**deep learning**summarization methods against which we compare our method. Inspired by the neural language models used for automatic translation, in [22], an attention based method has been developed. The system is abstractive and gives competitive results on several tasks. An important class of neural networks applied to summarization are those based on sequence-to-sequence architectures [23,24]. These architectures usually consist of one or more recurrent neural networks (e.g., LSTMs—long short-term memory) that map an input sequence to an output sequence (e.g., the text to the summary). Despite some inherent problems, like the tendency to repeat, they can provide good results. The work [25] is also based on recurrent neural networks (specifically LSTM) but takes a more modular approach: first, the most important sentences are extracted, then they are compressed by removing some of the words. The sequence pointer-generator network, described in [26], is a hybrid between a simple sequence-to-sequence network and a pointer network. Another architecture applied for summarization is the multi-layered attentional peephole convolutional LSTM, a modification of the standard LSTM [27]. The network used in [28] makes use of a complex language model (“transformer language model”). Despite using a powerful and resources intensive approach, the method is not particularly good. A somehow different approach is that based on reinforcement learning [29]. The main advantage of this solution is that it does not require large amounts of training data. The methods based on deep learning often provide very good results but are complex and require large amounts of computational resources and usually also training data.

## 3. Problem Formalization

#### 3.1. Preprocessing

- Tokenization;
- Stop words removal;
- Conversion to lowercase;
- Stemming (with the Porter stemmer).

#### 3.2. Processing

**processing**step.

#### 3.3. Postprocessing

#### 3.4. Extending the Method

## 4. A Projected Gradient Descent Algorithm

- 1.
- the convergence tolerance $\u03f5$;
- 2.
- the maximum number of iterations $maxNoIter$;
- 3
- the ${l}_{1}$ enforcement parameter C.

#### 4.1. Considerations about the Running Time

Algorithm 1 Projected gradient descent (PGD) algorithm for P2 |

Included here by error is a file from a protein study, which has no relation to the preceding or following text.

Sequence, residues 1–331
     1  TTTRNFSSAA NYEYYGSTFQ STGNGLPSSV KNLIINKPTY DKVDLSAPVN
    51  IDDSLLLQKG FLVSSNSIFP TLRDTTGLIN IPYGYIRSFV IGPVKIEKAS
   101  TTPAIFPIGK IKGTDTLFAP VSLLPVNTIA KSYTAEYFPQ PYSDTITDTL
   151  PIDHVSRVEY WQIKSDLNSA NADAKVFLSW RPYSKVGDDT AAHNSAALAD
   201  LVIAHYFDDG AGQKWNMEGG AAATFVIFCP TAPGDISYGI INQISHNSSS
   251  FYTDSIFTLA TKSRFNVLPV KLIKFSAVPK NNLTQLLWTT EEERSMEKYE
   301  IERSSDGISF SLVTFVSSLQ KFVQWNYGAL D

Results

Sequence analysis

## 5. The Relation with Sparse Coding

## 6. Properties of the Optimization Problems

#### 6.1. Solving P1 Is NP-Hard

**Problem**

**1.**

#### 6.2. The Program P2 Is Convex

#### 6.3. The Optimal Value of P2 Is a Lower Bound for the Optimal Value of P1

#### 6.4. Under Some Conditions the Solution of P2 Is Close to a k-Sparse Vector

**Proof.**

- 1.
- Bounding ${\Vert {\mathbf{h}}_{\Vert}\Vert}_{2}$.

**Claim 1.**Lemma 10.6.5 in [7] $\Vert {{\mathbf{M}}^{\mathbf{T}}\mathbf{h}\Vert}_{2}^{2}\le 2{\mathbf{w}}^{T}{\mathbf{M}}^{\mathbf{T}}\mathbf{h}$.

**Claim 1**we have:

- 2.
- Bounding ${\Vert {\mathbf{h}}_{\perp}\Vert}_{2}$.

- 3.
- Bounding $\mathbf{h}$.

- 1.
- The bound is deterministic, not “with high probability”;
- 2.
- The bound is in a sense weaker, because we do not guarantee perfect reconstruction in the noise free case ($\Vert \mathbf{w}\Vert =0$). The bound can be in general quite loose, but if our assumptions and intuitions are true, this is not the case.

## 7. Implementation and Results

#### 7.1. Quality of the Approximation and Execution Time

- 1.
- What is the execution time of our method for different problem sizes?
- 2.
- How good is the approximate solution provided by Algorithm 1?

#### 7.1.1. Quality of the Approximation

#### Quality of the Approximation as a Function of the Number of Sentences

#### Quality of the Approximation as a Function of the Number of Words

#### Quality of the Approximation for Real Data

#### 7.1.2. Execution Time

#### Execution Time as a Function of the Number of Sentences

#### Execution Time as a Function of the Number of Words

#### Execution Time for Different Document Lengths—Experiments with Real Data

#### 7.2. Single Document Summarization

#### 7.2.1. Experiments with a Medium Size Dataset

**Example**

**1.**

**Example**

**2.**

**b**the first three values are set to 1 and the last one is set up to 0.5. This selection is based empirically on the fact that these parts of the text tend to be more important. With these modifications, a significant improvement is noticeable for all metrics, CS outperforming TextRank (e.g., the F-score increases by more than 0.01). Most likely this can be further improved, using more carefully chosen values for $\lambda $ and

**b**.

#### 7.2.2. Experiments with a Large Dataset (CORNELL NEWSROOM)

#### 7.3. Query-Based Multi-Document Summarization

## 8. Conclusions

## Author Contributions

## Funding

## Institutional Review Board Statement

## Informed Consent Statement

## Data Availability Statement

## Acknowledgments

## Conflicts of Interest

## Appendix A. An Example of Text Representations Computation

## Appendix B. TextRank